Recently, I worked with a team experiencing some internal conflict. As we sat together, circled up, I immediately noticed one person taking up less space than the others. Her body language was small, and she held her knees closely to her chest. The group decided that it would be best to air their grievances before moving on to anything else.
She breathed out deeply then said, “What really bothers me about the whole thing is that I feel like I wasn’t given the benefit of the doubt.”
A colleague had felt unsupported by her recently, and she had no idea until a third party let her know that they had been talking about the incident. She was hurt.
What goes through our minds when we don’t give others the benefit of the doubt?
The human brain is amazingly creative. You can come up with seemingly endless reasons why something did or didn’t happen. Excuses and lies that you make up for yourself, mostly to help you make sense of things.
Sometimes, you need these excuses. They can help you move beyond painful situations. Other times, the reality that you create can be quite hurtful to those you care about when the matter isn’t openly discussed.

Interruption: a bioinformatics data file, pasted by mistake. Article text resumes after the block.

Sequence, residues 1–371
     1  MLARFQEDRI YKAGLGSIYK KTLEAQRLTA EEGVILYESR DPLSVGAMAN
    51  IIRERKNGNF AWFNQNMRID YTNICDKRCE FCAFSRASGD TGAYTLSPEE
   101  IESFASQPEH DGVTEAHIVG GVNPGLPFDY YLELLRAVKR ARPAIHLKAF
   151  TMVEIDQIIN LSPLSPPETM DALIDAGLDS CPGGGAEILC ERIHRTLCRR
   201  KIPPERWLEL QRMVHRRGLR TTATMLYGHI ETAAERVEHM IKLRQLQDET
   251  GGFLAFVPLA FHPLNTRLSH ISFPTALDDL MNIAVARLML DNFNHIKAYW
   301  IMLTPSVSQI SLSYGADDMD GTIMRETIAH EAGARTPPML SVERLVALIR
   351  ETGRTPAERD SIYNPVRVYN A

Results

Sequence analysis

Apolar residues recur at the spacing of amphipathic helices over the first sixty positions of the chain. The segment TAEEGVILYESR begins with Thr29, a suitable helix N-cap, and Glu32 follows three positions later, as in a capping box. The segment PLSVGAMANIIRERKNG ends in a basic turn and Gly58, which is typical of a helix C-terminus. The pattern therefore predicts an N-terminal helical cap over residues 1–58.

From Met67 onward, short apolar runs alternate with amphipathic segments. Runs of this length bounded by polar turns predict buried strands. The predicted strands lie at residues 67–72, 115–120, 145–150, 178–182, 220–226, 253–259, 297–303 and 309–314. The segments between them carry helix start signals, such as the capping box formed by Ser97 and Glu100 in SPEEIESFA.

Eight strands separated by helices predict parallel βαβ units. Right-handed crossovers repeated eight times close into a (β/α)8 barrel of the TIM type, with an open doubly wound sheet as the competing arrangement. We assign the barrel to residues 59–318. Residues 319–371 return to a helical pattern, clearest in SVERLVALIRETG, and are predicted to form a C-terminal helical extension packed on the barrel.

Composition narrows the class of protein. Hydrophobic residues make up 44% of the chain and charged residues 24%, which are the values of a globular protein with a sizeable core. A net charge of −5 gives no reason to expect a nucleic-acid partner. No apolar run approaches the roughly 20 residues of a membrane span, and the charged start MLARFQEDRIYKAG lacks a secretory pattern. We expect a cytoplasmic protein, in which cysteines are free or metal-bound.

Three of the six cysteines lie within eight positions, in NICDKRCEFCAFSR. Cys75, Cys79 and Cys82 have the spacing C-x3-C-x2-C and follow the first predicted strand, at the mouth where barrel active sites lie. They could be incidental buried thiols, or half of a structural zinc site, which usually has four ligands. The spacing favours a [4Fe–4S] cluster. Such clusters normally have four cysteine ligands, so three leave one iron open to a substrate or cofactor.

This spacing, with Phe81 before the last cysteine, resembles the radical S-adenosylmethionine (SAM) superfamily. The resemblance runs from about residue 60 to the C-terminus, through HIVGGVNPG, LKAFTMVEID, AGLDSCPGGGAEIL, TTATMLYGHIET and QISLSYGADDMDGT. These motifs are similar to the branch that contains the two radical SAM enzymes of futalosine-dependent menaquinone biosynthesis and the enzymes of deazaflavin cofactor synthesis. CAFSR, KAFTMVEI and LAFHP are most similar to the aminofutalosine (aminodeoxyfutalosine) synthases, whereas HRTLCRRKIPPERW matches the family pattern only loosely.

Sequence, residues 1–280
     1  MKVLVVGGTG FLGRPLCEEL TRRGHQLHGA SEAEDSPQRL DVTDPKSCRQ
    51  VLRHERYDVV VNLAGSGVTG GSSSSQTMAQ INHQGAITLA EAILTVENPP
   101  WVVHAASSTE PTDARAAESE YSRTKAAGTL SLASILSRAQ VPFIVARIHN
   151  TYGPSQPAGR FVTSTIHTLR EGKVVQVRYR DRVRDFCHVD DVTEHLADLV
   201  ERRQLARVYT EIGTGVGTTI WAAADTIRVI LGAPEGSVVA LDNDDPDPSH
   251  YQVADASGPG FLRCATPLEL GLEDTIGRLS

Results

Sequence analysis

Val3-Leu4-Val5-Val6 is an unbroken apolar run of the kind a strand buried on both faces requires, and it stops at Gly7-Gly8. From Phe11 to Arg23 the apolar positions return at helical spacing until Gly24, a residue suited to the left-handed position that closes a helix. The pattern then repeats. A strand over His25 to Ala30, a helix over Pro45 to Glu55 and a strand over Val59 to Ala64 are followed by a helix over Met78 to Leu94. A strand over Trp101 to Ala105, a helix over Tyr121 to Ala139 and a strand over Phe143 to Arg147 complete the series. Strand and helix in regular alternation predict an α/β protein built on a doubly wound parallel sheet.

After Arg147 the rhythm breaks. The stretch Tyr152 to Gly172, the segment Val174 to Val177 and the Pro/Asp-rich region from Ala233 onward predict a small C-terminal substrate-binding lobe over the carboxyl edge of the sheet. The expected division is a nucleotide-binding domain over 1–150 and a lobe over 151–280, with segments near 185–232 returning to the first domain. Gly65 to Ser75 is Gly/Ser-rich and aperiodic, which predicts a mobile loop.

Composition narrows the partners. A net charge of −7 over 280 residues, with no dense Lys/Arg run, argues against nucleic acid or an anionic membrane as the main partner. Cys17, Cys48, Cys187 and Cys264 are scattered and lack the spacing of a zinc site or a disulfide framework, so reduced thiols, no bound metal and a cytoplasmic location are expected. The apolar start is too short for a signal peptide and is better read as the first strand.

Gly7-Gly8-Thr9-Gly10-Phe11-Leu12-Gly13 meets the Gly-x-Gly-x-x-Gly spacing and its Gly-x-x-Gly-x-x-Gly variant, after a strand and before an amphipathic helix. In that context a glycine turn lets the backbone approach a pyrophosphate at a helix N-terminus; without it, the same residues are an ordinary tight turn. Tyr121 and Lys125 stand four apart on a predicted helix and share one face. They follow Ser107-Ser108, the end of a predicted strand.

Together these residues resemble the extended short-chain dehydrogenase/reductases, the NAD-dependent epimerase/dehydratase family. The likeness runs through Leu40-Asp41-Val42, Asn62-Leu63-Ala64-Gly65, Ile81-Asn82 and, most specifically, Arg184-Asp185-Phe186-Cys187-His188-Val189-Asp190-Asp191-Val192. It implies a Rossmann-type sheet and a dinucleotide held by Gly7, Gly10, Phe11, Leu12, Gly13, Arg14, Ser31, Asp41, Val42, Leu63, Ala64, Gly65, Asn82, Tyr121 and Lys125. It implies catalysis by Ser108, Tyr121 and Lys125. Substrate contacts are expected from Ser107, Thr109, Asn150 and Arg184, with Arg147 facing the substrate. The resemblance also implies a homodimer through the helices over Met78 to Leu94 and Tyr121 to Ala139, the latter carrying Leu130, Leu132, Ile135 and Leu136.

When you give someone the benefit of the doubt, you’re saying, “You’ve got my back, and I know that you support me. I trust your intentions.” When fear and doubt get in the way, you might find yourself jumping to other conclusions. “She wanted to see me fail. She’s jealous. She never liked me anyway.” These are all dangerous stories that we tell ourselves…. But they’re just that: stories.
The next time that you find yourself annoyed with a friend or colleague, stop to consider another possibility. Maybe your coworker wasn’t trying to sabotage the project or make you look bad in front of the boss. Maybe she’s working two jobs and she’s overtired. Or not feeling well. Or otherwise distracted. Give them the benefit of the doubt, have a conversation and save yourself the story spinning.
Have you fallen into the story spinning trap recently? Share your experience in the comments.